https://doi.org/10.1371/journal.pntd.0008896.g005

While our diagnostic classifiers were accurate 100% of the time when discriminating between DENV2 and ZIKV infected animals within the training data set (Fig 4), it was still unclear the consistency at which these diagnostic classifiers could distinguish between the infections using sequencing data from independent cohorts of mice. To this end, we sequenced the TCR repertoires from independent cohorts of mice, before and after exposure to ZIKV, DENV2, or the live attenuated smallpox vaccine ACAM2000 (Table 4). The ratio of ZATS and DATS to the total number of clonotypes (indicating enrichment) was calculated in the TCR sequences from 51 naïve mice, 14 ZIKV infected mice, and 5 DENV2 infected mice. We found that within these independent cohorts of mice, that ZATS were significantly enriched in only the TCR repertoires of ZIKV infected mice (0.121%±0.068%) compared to naïve (0.005%± 0.005%), DENV2-infected (0.011%± 0.005%), or ACAM2000-vaccinated samples (0.005%± 0.005%) (Fig 5B). Similarly, the DATS were significantly enriched in only the DENV2 infected mice (0.145%± 0.051%) compared naïve (0.004%±0.004%), but not in the ZIKV-infected (0.009%±0.018%) or ACAM2000-vaccinated (0.005%±0.005%) samples (Fig 5C). These findings indicated to us that our diagnostic classifiers would likely work for independent cohorts of mice.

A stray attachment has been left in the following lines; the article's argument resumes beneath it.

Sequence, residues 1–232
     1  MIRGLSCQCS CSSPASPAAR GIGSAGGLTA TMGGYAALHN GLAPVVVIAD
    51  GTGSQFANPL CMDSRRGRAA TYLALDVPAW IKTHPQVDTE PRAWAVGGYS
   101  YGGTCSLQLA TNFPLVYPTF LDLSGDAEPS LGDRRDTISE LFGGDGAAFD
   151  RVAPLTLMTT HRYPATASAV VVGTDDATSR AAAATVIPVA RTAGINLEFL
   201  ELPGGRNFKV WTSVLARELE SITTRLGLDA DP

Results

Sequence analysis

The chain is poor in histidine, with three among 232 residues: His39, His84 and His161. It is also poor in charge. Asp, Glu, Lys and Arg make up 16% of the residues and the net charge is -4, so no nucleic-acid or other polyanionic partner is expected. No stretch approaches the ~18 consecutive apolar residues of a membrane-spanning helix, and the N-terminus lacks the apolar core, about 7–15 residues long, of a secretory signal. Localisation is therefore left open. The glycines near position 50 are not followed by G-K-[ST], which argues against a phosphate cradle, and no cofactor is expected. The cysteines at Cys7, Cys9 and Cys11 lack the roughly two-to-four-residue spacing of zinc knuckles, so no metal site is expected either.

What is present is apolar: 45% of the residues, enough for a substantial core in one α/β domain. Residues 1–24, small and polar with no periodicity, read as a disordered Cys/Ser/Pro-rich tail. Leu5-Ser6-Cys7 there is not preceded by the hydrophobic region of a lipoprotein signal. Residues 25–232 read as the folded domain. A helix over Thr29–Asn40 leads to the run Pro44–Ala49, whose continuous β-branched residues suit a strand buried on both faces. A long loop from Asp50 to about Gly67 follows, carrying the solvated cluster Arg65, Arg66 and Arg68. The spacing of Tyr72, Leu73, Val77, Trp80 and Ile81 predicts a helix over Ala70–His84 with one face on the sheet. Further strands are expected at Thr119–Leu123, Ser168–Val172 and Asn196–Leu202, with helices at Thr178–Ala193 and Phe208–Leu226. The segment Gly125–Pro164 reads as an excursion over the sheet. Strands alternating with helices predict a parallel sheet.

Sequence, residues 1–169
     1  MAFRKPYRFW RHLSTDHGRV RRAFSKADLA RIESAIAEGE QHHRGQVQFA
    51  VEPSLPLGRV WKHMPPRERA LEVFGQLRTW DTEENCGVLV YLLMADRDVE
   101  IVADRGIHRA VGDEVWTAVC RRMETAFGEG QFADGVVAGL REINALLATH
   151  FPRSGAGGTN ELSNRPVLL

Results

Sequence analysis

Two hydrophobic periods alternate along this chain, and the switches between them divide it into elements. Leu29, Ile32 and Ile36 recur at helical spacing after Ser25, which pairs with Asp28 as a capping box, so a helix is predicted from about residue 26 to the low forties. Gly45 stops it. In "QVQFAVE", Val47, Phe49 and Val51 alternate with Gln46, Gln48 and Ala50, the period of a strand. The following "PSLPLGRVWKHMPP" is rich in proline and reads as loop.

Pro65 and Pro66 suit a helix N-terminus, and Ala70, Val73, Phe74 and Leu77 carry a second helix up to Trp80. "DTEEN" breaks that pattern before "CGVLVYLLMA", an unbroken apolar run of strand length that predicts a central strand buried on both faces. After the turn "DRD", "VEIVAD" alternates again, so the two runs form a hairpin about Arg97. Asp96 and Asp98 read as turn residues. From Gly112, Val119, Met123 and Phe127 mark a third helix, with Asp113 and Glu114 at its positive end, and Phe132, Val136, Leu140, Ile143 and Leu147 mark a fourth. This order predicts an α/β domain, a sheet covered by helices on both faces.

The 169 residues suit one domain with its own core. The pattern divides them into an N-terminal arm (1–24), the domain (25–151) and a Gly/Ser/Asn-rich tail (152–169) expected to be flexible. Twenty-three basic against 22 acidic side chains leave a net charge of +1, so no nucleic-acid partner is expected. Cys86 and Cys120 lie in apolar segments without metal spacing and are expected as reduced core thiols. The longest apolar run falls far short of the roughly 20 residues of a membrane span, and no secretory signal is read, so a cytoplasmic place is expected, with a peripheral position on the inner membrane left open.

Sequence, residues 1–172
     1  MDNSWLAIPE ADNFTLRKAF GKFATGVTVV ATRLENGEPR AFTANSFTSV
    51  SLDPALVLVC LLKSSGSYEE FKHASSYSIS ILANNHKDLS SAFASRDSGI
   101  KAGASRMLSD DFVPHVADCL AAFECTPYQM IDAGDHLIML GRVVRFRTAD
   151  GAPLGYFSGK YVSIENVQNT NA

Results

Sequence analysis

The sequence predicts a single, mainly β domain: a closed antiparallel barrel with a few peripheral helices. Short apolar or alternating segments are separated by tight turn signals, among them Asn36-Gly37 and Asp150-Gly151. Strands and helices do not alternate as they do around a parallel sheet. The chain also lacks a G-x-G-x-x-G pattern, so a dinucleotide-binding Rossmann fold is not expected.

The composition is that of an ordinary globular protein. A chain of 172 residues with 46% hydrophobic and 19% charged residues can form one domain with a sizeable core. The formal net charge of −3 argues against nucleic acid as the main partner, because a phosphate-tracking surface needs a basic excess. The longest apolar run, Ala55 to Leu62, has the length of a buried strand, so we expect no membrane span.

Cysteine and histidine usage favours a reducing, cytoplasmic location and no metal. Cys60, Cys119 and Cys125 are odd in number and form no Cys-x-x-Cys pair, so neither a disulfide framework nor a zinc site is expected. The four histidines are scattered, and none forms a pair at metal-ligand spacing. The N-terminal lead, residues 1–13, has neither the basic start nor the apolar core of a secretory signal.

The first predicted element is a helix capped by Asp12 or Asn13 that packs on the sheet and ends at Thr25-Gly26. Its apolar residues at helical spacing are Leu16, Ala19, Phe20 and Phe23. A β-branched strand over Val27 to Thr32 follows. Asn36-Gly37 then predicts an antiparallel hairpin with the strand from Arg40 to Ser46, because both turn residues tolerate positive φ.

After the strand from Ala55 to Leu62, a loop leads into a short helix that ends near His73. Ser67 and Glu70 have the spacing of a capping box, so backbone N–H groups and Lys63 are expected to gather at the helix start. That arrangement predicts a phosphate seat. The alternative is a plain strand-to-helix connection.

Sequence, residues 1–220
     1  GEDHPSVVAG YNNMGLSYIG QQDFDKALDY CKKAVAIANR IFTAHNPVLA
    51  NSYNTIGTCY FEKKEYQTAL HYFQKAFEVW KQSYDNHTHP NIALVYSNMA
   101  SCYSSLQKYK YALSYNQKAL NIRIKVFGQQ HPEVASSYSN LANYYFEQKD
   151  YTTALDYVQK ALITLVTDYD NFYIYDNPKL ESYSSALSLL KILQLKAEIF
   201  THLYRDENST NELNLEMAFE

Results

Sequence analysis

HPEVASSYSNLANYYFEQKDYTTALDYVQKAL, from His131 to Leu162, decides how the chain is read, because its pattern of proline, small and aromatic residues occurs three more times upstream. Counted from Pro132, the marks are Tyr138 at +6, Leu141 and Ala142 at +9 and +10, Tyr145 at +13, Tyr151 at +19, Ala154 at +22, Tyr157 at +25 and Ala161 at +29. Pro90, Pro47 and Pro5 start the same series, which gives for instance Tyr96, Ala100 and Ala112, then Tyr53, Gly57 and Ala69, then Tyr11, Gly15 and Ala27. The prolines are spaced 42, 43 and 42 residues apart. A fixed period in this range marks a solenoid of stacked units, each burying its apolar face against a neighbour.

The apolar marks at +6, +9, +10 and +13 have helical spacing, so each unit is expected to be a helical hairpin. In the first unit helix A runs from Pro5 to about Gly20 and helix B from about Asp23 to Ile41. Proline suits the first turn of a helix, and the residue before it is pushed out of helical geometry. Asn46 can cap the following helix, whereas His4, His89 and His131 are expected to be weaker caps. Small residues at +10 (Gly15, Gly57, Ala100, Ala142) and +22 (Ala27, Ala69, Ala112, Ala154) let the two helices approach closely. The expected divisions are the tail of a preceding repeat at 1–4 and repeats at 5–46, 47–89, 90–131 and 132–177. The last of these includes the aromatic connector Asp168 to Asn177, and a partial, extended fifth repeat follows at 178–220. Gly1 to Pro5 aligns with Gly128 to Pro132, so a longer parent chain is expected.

Finally, TCR sequences from these independent cohorts of mice were tested against the ZIKV and DENV2 diagnostic classifiers as the diagnostic assay to determine exposure to DENV2 or ZIKV simultaneously. From all samples tested, 100% of naïve (51 of 51) and ACAM2000-vaccinated mice (29 of 29) tested negative for both ZIKV and DENV2 (Fig 5D). Within this independent data set, 97% of the ZIKV infected mice were correctly classified as ZIKV infected, with only a single ZIKV infected mouse being categorized as naïve to both DENV2 and ZIKV. The durability of this diagnosis was also evaluated with a small cohort (5 of 5) of ZIKV infected mice, which were all correctly classified as ZIKV exposed out to 18-weeks post-infection (Fig 6A and 6B). 100% of the DENV2 infected mice (5 of 5) were correctly categorized as DENV2 infected, with 1 of the 5 samples also testing positive for ZIKV. Collectively, these data demonstrate that T cells with distinct TCRβ sequences expand and are enriched following ZIKV or DENV2 infection in mice, and that those distinct sequences can be used as a means of diagnostic discrimination between the two viruses in a highly sensitive assay. Moreover, this diagnostic classifier system is reproducible between multiple cohorts of mice and is durable enough to still be accurate 18 months after initial exposure.